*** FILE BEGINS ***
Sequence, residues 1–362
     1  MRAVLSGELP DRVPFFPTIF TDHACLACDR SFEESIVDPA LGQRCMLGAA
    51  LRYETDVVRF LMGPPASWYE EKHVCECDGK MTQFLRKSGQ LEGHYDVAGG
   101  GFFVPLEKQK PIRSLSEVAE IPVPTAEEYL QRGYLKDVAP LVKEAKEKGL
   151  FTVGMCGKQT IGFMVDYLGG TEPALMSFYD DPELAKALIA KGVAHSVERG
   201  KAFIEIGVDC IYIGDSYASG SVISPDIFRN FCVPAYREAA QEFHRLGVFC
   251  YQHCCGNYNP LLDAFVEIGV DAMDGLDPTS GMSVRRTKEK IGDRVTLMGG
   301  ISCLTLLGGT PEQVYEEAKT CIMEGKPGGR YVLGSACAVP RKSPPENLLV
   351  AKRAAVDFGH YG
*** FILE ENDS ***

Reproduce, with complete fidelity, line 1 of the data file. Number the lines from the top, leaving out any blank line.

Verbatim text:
Sequence, residues 1–362